Format

Send to

Choose Destination
See comment in PubMed Commons below
Cardiovasc Res. 2007 Oct 1;76(1):29-40. Epub 2007 Jun 6.

The novel proangiogenic effect of hydrogen sulfide is dependent on Akt phosphorylation.

Author information

1
Department of Physiology and Pathophysiology, Fudan University Shanghai Medical College, Shanghai, China.

Abstract

OBJECTIVE:

Hydrogen sulfide (H(2)S) has been reported to be a gasotransmitter which regulates cardiovascular homeostasis. The present study aims to examine the hypothesis that hydrogen sulfide is able to promote angiogenesis.

METHODS:

Angiogenesis was assessed using in vitro parameters (i.e. endothelial cell proliferation, adhesion, transwell migration assay, scratched wound healing and formation of tube-like structure) and in vivo by assessing neovascularization in mice. Phosphorylation of Akt was measured using Western blot analysis.

RESULTS:

Exogenously administered NaHS (H(2)S donor) concentration-dependently (10-20 micromol/l) increased cell growth, migration, scratched wound healing and tube-like structure formation in cultured endothelial cells. These effects of NaHS on endothelial wound healing and tube-like structure formation were prevented by either the phosphatidylinositol 3-kinase (PI3K) inhibitor LY 294002 (5 micromol/l) or transfection of a dominant-negative mutant of Akt. NaHS increased Akt phosphorylation and this effect was also blocked by either LY 294002 or wortmannin (25 nmol/l). NaHS did not significantly alter the levels of vascular endothelial growth factor, mRNA expression of fibroblast growth factor and angiopoietin-1, or nitric oxide metabolites. NaHS treatment (10 and 50 micromol kg(-1) day(-1)) significantly promoted neovascularization in vivo in mice.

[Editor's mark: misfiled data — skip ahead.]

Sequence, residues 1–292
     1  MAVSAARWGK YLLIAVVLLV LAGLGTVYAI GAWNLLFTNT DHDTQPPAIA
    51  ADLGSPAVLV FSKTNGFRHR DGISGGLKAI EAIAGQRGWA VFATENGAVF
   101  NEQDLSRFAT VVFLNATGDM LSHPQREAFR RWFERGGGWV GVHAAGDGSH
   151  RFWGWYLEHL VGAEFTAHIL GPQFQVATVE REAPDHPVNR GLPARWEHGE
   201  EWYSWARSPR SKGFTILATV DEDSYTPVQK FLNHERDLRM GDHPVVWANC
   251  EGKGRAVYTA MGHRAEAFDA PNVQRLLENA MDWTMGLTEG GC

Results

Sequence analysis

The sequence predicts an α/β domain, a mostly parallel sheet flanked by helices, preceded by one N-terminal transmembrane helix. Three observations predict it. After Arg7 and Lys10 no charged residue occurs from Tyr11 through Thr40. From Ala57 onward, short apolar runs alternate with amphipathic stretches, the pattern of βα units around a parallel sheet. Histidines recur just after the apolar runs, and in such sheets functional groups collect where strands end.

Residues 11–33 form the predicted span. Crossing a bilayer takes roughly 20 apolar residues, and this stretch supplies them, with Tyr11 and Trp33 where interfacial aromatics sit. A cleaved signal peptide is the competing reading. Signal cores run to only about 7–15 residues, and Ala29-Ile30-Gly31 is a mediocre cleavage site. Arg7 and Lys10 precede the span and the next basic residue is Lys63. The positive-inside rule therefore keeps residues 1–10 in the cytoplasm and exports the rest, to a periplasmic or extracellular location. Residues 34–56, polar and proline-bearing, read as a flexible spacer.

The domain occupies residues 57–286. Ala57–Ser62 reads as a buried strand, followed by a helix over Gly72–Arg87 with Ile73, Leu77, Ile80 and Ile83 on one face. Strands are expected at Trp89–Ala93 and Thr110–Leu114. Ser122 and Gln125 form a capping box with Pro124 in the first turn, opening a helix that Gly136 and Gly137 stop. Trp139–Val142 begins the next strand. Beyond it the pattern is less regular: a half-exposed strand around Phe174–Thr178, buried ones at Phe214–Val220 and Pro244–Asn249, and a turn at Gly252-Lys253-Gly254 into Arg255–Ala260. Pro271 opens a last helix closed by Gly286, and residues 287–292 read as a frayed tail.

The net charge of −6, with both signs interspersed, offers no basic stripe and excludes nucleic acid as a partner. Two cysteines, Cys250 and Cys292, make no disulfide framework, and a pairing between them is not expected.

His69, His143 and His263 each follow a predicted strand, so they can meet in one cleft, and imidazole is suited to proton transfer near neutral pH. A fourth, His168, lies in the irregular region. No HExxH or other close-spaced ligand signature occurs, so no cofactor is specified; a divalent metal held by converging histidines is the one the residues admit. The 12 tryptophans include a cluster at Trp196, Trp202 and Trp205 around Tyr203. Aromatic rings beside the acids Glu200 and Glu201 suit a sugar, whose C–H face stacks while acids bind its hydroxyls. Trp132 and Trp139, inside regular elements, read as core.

CONCLUSION:

The present study reports a novel proangiogenic role of H(2)S which is dependent on activation of Akt.

PMID:
17631873
DOI:
10.1016/j.cardiores.2007.05.026
[Indexed for MEDLINE]
PubMed Commons home

PubMed Commons

0 comments
How to join PubMed Commons

    Supplemental Content

    Full text links

    Icon for Silverchair Information Systems
    Loading ...
    Support Center